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ETH Zurich biologists, led by professors Martin Ackermann and Wolf-Dietrich Hardt, in collaboration with Michael Doebeli of the University of British Colombia in Vancouver (CN), have been able to describe how random molecular processes during cell division allow some cells to engage in a self-destructive act to generate a greater common good, thereby improving the situation of the surviving siblings.
The biologists investigated this unusual biological concept using the pathogenic salmonella bacteria as an example. Diseases caused by salmonellae are very unpleasant and even life-threatening. When contaminated food is consumed – for example, egg-based foods or chicken and meat – salmonella bacteria enter the gastrointestinal tract where it triggers infection. Vomiting and diarrhea can last for days.
Normally, salmonellae grow poorly in the intestine because they are not competitive with other bacteria of the gut. However, this dynamic changes if salmonellae induce an inflammatory response, namely diarrhea, which suppresses the other bacteria. The inflammation is triggered by salmonellae penetrating into the intestinal tissues. Once inside, salmonellae is killed by the immune system. This in turn creates a conflict: salmonellae are either suppressed by the other bacteria in the gut, or die while trying to eliminate these competitors.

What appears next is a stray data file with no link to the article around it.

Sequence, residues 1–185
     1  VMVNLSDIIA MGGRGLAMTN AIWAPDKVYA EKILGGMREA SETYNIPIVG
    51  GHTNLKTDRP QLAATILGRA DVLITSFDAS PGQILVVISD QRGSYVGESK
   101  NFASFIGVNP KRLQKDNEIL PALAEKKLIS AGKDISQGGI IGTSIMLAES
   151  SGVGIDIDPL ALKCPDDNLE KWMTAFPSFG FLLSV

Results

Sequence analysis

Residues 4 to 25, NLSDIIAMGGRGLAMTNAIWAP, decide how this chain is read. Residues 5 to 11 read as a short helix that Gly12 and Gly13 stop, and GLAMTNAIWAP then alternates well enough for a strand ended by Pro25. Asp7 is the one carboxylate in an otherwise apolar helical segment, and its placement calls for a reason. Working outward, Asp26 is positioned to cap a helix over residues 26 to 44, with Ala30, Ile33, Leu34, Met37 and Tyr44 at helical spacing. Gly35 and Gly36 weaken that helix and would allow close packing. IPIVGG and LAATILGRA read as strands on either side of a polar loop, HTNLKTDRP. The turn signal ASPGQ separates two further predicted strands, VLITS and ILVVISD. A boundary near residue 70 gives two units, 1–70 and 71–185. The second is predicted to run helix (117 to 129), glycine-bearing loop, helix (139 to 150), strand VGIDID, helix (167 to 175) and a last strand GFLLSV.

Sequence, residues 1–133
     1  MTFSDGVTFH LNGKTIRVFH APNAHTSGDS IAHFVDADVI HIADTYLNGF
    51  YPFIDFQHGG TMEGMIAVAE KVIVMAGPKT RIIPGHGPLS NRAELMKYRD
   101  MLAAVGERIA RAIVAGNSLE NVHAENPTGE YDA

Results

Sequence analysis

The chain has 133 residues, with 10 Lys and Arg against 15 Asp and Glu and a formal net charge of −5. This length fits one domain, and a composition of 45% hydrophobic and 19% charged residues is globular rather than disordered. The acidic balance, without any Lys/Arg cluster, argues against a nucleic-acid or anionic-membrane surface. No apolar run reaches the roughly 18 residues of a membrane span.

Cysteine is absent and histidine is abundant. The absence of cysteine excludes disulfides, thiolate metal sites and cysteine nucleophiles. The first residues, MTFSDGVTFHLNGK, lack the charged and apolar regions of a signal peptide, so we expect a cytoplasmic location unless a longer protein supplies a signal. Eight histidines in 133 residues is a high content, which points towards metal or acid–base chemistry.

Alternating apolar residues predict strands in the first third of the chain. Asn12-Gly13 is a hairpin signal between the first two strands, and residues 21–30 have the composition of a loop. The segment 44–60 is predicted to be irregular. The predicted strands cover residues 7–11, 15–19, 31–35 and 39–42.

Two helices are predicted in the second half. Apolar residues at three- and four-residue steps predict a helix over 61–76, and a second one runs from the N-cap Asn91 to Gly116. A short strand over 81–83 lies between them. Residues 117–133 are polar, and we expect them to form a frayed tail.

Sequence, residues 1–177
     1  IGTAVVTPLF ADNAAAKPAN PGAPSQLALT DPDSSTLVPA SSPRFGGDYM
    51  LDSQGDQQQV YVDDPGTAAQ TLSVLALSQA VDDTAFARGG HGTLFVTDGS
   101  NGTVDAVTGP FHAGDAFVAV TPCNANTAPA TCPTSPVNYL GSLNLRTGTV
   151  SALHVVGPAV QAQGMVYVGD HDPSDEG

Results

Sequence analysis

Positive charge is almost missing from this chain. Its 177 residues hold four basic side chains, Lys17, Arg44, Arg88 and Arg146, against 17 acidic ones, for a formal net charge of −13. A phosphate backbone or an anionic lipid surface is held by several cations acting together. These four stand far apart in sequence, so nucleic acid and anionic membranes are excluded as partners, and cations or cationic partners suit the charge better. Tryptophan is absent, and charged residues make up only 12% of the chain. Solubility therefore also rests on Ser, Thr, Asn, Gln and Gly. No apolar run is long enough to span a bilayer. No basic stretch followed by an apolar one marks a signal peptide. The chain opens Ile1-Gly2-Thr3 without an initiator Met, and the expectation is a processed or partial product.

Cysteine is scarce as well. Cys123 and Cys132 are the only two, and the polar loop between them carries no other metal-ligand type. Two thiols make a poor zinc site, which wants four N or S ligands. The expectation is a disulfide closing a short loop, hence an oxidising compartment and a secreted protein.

As Ackermann, Hardt and Doebeli report, salmonellae have found a surprising solution to this conflict. Inside the gut, the salmonella bacteria forms two groups that engage in job-sharing. A first group invades the tissue, triggers an inflammation, then dies. A second group waits inside the gut until the inactivation of the normal intestinal flora gives them an opportunity to strike. This second group then multiplies unhindered.
What determines whether an individual salmonella bacterium cell self-sacrifices, or whether it will wait and benefit from the sacrifice of others? The two groups are clones of the same genotype, so genetic differences do not play a role. Rather, the difference between the two groups is a result of random molecular processes during cell division. Cellular components are randomly distributed between the two daughter cells with each cell receiving a different amount. The resulting imbalance can be amplified and lead to different properties of the clonal siblings.
In recent years it has been recognized that such random processes in a cell can have a large influence on individual cells. The work by the ETH Zurich researchers reveals a new biological explanation for this phenomenon. The two salmonella phenotypes share their work, with the result being that they achieve what a single phenotype on its own would not be capable of doing. This scenario is fundamentally different from the usual explanations and presupposes that individual phenotypes interact and have an effect on one another. The self-sacrifice of phenotypes may be quite common among pathogenic bacteria, for example, among the pathogens causing diarrhea after antibiotic treatment (clostridia) or pneumonia (streptococci).
Ackermann observes, "Random processes could promote job-sharing in many different types of organisms. Many bacteria manufacture substances which are toxic to their hosts but which are only released into the host environment if the bacteria sacrifice themselves — if this is the sole method to get the toxin out of the cell. This is why every cell makes a decision: toxin and death or no toxin.”
Reference: Ackermann M, et al. Self-destructive cooperation mediated by phenotypic noise; Nature 454, 987-990 (21 August 2008), doi: 10.1038/nature07067